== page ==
White papers

Bachem offers complimentary white papers on innovative products, services or processes in peptide and oligonucleotide research, as well as technical information on peptide synthesis.

A New Turn in Peptide Purification

Innovation is a central pillar of Bachem’s success. Our dedicated teams explore and develop new technologies to bring innovative solutions to our partner’s needs. Here, we will introduce a new innovation that represents a new turn in peptide purification.

Read the full white paper on a new turn in peptide purification.

Amyloid Peptides

Extracellular amyloid-β peptide deposition into cerebellar plaques and formation of intracellular neurofibrillary fibers accompanied by the loss of neurons are characteristic histopathological lesions found in the brains of Alzheimer‘s disease patients. Individuals suffering from this disease show a gradual loss of cognitive functions and disturbances in behavior. Apart from some rare familial forms of the disease, the onset of Alzheimer‘s disease is usually above 60 years. Since the risk to develop the disease increases with age, Alzheimer‘s disease has turned into a major health and social problem in “first world” countries with an increasing proportion of older people, and is going to become one in emerging states. In this brochure we present amyloid peptides and related products for Alzheimer‘s disease research.

Read the full white paper on amyloid beta peptides.

Continuous chromatography white paper cover

Continuous Chromatography – Pushing the boundaries of peptide and oligonucleotide production

During the manufacturing of an API, well-established purification is crucial for achieving high purity and yield, and at the same time is a major determinant for the cost efficiency and process productivity.

Multicolumn Countercurrent Solvent Gradient Purification (MCSGP) has shown to achieve substantially higher capacity and yield than single-column batch processes. This innovative purification process leads to time savings, economic advantages and a lower environmental footprint.

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Diabetes Peptides

In 2014, according to data from the WHO, 422 million adults (or 8.5% of the population) had diabetes mellitus, a chronic metabolic disorder characterized by hyperglycemia, compared with 108 million (4.7%) in 1980. Diabetes mellitus can be divided into two main types, type 1 or insulin-dependent diabetes mellitus (IDDM) and type 2, or non insulin-dependent diabetes mellitus (NIDDM). The absolute lack of insulin, due to destruction of the insulin producing pancreatic β-cells, is the particular disorder in type 1 diabetes. Type 2 diabetes is mainly characterized by the inability of cells to respond to insulin. The condition affects mostly the cells of muscle and fat tissue, and results in a condition known as “insulin resistance”.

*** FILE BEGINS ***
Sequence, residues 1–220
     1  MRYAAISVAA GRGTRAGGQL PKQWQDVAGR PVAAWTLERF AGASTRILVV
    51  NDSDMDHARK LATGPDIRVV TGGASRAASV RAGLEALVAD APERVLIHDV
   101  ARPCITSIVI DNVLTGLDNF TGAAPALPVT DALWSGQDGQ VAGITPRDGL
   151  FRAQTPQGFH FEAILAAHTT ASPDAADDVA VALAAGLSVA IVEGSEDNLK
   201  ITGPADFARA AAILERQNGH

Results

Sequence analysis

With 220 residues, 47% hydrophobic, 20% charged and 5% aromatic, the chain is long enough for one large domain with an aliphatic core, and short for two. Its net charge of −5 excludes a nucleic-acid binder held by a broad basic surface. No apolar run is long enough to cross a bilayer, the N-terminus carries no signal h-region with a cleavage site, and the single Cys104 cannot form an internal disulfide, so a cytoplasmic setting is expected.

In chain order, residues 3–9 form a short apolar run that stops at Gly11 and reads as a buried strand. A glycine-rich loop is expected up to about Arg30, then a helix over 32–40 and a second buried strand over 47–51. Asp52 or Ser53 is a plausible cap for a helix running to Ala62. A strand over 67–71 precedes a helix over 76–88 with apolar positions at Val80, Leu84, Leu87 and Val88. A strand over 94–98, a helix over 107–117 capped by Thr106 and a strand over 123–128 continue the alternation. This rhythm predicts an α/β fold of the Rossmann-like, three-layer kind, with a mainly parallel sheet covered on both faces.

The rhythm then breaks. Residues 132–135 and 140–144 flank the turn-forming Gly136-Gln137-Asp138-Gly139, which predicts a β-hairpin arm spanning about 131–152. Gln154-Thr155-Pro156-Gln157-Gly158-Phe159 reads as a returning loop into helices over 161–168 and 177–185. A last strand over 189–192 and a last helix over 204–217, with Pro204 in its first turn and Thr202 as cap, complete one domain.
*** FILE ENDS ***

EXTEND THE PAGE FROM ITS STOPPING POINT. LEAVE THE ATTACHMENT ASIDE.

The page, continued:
Read the full white paper on diabetes peptides.

Microspheres and Nanoparticles for Peptide Delivery

Proteins and peptides fulfill an irreplaceable role as medicines due to their high affinity, specificity, low toxicity, and ability to alter protein-protein interactions. They are widely recognized as therapeutic agents in the treatment of a variety of conditions, including diabetes, osteoporosis, nonHodgkin’s lymphoma, and leukemia. Clinical development is on-going as the pharmaceutical industry works to harness the potential of peptides for many other conditions. While incredible progress has been made in designing peptide- and protein-based drugs for multiple therapeutic uses, challenges remain. This white paper explores challenges of peptide- and protein-based new chemical entities [NCEs]including potential chemical and physical instabilities, enzymatic degradation, and their rapid elimination from circulation.

Read the full white paper on microspheres nanoparticle.

Peptides in Cancer Research

This brochure discusses the potential use of peptides as anticancer drugs highlighting current scenario and future prospects. Some peptides are also used as diagnostic tools for cancer detection. G-protein-coupled receptors are most important targets in drug development. Many of them are overexpressed in tumor cells. Amongst them, the GnRH receptor is the target of a considerable number of GnRH agonists and antagonists used in cancer management. GnRH (gonadotropin-releasing hormone) or LHRH (luteinizing hormone-releasing hormone) is a decapeptide produced in in the hypothalamus and released in a pulsatile fashion into the pituitary portal circulation. Prolonged non-pulsatile administration of LHRH leads to downregulation of LH and FSH secretion, followed by a suppression of gonadal steroid synthesis. For this reason, longer-acting GnRH agonists as well as antagonists are used for the treatment of hormone-dependent breast and prostate cancers. Most neuroendocrine tumors show a marked overexpression of somatostatin receptors, especially of sst2, which instigated the development of somatostatin agonists as octreotide. These compounds also play an important role in diagnosis. Bombesin/gastrin-releasing peptide receptors can be overexpressed in malignant cells. Antagonists of these peptides inhibit tumor growth. Active immunization by peptide vaccines is another promising strategy to fight cancer.

Read the full white paper on peptides in cancer research.